A freshman kiss, never talked about. Ignored and pushed away.

A gang, a mother’s arrest. My mother’s arrest, for a fight in a bar.

Me, left for a year on my own, trying to figure everything out.

Keep reading

So like, here’s the thing that’s FUCKING WILD about the new Death Note show.

They make Light white, which isn’t shocking. It’s still bad, but it isn’t shocking. Not at this point at least. Where this gets BAD is when you look at the other casting and you find that L is being played by a black actor named Lakeith Stanfield

MEANING

The later half of the show is going to be all about the pastiest white guy you’ve ever seen in your life trying to kill a extremely smart black guy and actually succeeding.

Did

Did like no one talk to the director at all about this? That maybe this would change the way we view the two warring moral grounds and make for a deeply uncomfortable commentary that is absolutely unintentional because it works directly against the moral dichotomy of the original series?

Also, on a different note, have they thought for even a second that having Light “““Turner’s”““ alias be “Kira” still loses all meaning to an american audiance that doesn’t catch onto the pun of Kira sounding like Killer and that kira-kira is the onomatopoeia for “sparkling” in japanese, used in part because of the name “Light”

This

Is an extremely poorly thought out deal my guys.

What do famous people think about Brandon Flowers
  • Robbie Williams: The Killers sound is unique and I think Brandon Flowers is one of the best songwriters on the planet.
  • Tyler Joseph - Twenty One Pilots: You know what, I want to be the next Brandon Flowers.
  • Imagine Dragons: Always making Vegas proud.
  • Paul Banks - Interpol: He's a great great singer.
  • Nick Jonas: Brandon Flowers of the Killers is really talented. Would love to work with him one day.
  • Mike Posner: Hey Brandon Flowers ... I just wanted to say I'll buy and listen to anything you do.
  • Nick Petricca - Walk the Moon: I had this strong sensation of like being at church and Brandon Flowers is like our direct connection to the lord. (...) We got to meet Brandon Flowers when we played a gig in Vegas. I got to talk to him and tell him that his band was the band that made me want to be in a band.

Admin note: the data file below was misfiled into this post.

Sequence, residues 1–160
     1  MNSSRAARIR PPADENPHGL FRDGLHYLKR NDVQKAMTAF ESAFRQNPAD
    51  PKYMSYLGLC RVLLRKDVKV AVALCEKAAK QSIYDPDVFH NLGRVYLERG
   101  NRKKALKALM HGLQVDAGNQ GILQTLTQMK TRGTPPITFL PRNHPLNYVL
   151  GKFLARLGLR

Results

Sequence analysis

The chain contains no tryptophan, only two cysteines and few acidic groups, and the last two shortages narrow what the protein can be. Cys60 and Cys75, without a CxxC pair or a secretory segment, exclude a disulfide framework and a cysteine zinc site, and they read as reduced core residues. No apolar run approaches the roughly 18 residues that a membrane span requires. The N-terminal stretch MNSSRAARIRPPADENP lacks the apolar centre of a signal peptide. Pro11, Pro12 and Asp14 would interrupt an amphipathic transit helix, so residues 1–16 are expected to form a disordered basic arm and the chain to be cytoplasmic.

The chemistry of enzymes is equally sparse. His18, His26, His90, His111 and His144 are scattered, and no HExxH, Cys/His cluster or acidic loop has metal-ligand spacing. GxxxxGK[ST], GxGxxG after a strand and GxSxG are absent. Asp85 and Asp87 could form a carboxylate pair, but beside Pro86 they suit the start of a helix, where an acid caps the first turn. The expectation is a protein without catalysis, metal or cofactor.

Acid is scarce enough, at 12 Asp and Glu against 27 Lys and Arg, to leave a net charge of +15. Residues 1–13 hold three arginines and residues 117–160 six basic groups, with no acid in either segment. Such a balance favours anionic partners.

• Tom Smith - Editors: Such a soft spot for everything Brandon Flowers does.
  • Van McCann - Catfish and the Bottlemen: Brandon Flowers sent me an email a while ago because we covered one of their songs in Australia and he said he liked the cover and I was just major buzzing off that. He’s inspired most of the songs in my head.
  • Dallon Weekes - Panic! At the Disco: Idol? dont know. I def have people I admire. Brandon Flowers. Hes a musician/Mormon/family man and pulls it all off. I try to.
The Most Disturbing Things in John Winchester’s Journal:  A Comprehensive Study.

@jaredsnuggles made a really incredible post about all mentions of the boys in John Winchester’s journal.  It’s incredibly helpful for writing reference, and filled with genuinely heartwarming moments and an interesting glimpse into John’s POV.

But as someone who’s pretty infamously critical of John’s parenting skills, what I most noticed was the progressively disturbing way in which the boys were brought up, the responsibilities placed on them, and the way in may have impacted their psyches (performing!Dean, anyone?) 

So let’s take a look at some of the most blatant examples of the Winchester’s upbringing that would have had the Child Protective Services knocking on most people’s doorsteps, and how it may have influenced the people they’ve become.